STEP 2 – Assemble a cybersecurity team

The good news is that you don’t and shouldn’t try to do this all by yourself. Leveraging skill and expertise in various areas will prove invaluable as you evaluate just the right application of risk treatment in your organization. At the end of the day your goal is to identify risk to your assets, apply reasonable controls to protect those assets, and then team up with partners to assist you if something bad should happen to those assets. The following lists some areas where you may want to enlist an outside partner for counsel and/or services:

  • Cybersecurity Law
  • Cybersecurity Insurance
  • Notification & Reporting Services
  • Social Media & Reputation
  • Incident Response
  • Managed Cybersecurity Services

STEP 3 – Establish goals and expectations for the cybersecurity team

While inviting external experts for assistance with your cybersecurity defenses is a great idea, you will need to set the table and agenda for what is expected. Establishing a cybersecurity desired state is very important. Ensuring that all stakeholders understand what it is you are trying to achieve and what it is that you are trying to protect is paramount in making measurable progress towards the correct cybersecurity posture. This will begin by referring back to step 0 of our journey with a focus on the assets we are trying to protect, why they are valuable, and what we expect from our assembled team of experts in relation to that protection.

STEP 4 – Setup regular cadence of reviews with cybersecurity team

Everyone has a busy schedule these days, with numerous interruptions and a seemingly never-ending to-do list that is piled upon daily. To keep your cybersecurity team focused and accountable to the program and plans laid out, there should be an ongoing and regular cadence of reviews to ensure that the team is tracking towards the goals of the organization. While this can vary by organization, the follow are some possible suggestions to get started:

  • Annual risk assessment leveraging chosen frameworks and business impact analysis reviews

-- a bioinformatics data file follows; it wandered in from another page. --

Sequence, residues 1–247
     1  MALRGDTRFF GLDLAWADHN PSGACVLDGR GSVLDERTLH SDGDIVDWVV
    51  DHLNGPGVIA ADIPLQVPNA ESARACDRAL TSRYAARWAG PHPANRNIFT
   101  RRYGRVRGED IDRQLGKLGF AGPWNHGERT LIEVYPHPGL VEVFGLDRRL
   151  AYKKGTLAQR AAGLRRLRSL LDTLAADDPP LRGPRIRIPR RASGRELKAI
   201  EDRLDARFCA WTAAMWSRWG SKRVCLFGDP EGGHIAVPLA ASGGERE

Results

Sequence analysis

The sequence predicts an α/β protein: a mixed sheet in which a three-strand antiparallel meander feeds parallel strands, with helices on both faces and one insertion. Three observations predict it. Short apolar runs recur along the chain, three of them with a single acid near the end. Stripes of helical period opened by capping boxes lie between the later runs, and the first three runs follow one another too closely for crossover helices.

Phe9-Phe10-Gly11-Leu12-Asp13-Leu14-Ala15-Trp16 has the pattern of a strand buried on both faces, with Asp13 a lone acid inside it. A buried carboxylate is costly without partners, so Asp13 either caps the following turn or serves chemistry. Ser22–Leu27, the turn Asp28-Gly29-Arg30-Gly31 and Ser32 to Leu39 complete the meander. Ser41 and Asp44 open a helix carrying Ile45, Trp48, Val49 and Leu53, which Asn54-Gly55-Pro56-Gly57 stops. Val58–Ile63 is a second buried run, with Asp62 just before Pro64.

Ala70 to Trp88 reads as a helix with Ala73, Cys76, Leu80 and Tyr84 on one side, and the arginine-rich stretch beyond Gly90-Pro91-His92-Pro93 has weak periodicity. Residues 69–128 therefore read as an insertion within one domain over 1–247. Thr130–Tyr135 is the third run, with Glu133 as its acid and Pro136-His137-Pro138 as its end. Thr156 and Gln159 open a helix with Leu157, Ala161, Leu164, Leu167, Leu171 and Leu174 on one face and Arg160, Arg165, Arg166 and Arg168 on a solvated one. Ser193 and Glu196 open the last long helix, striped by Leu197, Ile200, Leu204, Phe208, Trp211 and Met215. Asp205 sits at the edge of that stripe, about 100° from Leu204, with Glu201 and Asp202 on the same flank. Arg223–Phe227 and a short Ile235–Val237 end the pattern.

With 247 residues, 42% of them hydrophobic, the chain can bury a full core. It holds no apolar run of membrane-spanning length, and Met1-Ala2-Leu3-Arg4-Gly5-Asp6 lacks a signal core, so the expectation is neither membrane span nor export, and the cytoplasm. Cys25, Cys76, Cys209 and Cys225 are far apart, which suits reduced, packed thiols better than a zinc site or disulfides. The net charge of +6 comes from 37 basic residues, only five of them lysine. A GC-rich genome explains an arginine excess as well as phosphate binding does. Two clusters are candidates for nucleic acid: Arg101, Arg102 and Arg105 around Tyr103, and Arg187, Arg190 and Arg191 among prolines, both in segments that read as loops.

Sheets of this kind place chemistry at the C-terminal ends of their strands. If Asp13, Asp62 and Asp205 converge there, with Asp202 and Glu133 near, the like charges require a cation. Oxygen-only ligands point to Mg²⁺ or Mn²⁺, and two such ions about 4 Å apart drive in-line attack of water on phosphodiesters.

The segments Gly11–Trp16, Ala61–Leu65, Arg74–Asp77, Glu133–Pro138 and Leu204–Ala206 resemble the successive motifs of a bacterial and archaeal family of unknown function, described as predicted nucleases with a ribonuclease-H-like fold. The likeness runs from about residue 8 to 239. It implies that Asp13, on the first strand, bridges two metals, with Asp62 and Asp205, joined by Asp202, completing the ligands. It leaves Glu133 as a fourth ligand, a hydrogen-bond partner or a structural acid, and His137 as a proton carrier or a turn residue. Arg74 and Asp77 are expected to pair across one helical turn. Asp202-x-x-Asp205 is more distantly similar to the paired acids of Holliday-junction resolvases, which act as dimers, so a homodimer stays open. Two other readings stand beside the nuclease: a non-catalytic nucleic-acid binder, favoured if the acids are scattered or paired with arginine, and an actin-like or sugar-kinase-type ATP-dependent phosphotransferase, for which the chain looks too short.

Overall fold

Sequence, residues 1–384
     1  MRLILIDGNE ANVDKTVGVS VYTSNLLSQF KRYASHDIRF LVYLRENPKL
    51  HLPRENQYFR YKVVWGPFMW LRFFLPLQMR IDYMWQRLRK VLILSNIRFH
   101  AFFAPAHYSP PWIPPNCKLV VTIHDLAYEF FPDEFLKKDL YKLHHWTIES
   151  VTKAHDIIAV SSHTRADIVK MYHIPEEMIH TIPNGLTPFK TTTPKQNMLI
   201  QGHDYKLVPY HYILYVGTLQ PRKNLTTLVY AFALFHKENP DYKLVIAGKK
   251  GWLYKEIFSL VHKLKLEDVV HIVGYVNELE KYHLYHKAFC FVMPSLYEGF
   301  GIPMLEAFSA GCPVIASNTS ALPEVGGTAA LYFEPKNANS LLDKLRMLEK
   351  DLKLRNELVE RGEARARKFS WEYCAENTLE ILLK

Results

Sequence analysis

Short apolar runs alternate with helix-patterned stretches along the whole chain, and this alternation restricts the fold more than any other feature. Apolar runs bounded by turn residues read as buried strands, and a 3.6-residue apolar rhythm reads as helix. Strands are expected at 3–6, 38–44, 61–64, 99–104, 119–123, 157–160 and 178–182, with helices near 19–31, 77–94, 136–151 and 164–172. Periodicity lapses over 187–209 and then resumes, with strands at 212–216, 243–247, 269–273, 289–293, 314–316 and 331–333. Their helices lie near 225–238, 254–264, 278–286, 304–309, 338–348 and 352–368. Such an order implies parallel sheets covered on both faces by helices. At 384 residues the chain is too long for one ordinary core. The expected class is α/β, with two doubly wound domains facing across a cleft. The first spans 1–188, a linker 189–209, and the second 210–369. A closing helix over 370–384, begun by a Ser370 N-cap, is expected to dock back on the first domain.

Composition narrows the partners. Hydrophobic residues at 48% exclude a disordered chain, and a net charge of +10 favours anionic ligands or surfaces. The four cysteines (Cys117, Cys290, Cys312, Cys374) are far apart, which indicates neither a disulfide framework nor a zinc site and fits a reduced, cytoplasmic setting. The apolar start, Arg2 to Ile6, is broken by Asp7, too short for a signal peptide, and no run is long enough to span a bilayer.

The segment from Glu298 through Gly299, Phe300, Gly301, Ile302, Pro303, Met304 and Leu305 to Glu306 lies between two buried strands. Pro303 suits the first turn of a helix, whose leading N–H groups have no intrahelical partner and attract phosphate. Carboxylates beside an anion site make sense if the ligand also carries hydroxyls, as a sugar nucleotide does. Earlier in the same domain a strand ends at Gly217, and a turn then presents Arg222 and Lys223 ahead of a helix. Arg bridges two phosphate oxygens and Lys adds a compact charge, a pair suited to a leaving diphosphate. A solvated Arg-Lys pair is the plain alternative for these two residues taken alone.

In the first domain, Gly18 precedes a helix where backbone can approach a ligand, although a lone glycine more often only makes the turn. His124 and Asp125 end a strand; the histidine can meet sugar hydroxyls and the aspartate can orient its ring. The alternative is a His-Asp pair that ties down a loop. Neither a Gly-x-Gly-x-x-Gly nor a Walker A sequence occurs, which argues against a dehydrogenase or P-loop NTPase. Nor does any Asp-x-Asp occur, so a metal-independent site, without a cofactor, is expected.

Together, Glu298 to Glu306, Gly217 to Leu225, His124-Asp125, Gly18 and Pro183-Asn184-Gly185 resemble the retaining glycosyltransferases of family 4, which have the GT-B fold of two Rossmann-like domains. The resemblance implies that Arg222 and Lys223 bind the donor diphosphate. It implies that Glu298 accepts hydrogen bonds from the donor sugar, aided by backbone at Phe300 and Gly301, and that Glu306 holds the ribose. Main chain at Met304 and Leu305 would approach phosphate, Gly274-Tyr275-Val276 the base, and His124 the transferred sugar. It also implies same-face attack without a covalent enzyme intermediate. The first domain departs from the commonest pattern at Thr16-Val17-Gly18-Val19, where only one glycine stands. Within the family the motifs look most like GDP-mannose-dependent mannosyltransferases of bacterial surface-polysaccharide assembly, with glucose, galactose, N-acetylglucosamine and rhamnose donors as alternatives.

• Semi-annual threat assessment including progress updates towards annual program goals
  • Quarterly project/progress check-ins and KPI review of critical measures
  • Monthly technical reviews that include vulnerability reviews and emerging threats

STEP 5 – Implement necessary cybersecurity controls based on results from risk/vulnerability assessments and business impact analysis

Cybersecurity controls include physical, administrative, and technical controls that are designed to build an in-depth defensive structure to protect your organization, people, information, and customers. Understanding the risks to the organization, including their likelihood and potential impact, means that you can proportionally implement the appropriate cybersecurity controls to provide the right level of protection without wasting resources. For each identified risk, there will be one or more controls that help to reduce the risk to an acceptable level. These controls should be continually evaluated to ensure that as the organization grows, evolves, or changes, they are still providing the expected level of protection.

STEP 6 – Implement and foster an ongoing culture of continuous improvement and awareness in cybersecurity

Starting with executive sponsorship of the cybersecurity program and top-down leadership to establish the importance of cybersecurity for the organization. Ongoing education and security awareness initiatives will help elevate the capabilities of the system’s users to ensure they are prepared to handle the ongoing cyber threats facing the organization.


Are you interested in assistance with understanding your business’ cybersecurity journey? Please contact us today to get started on the right track.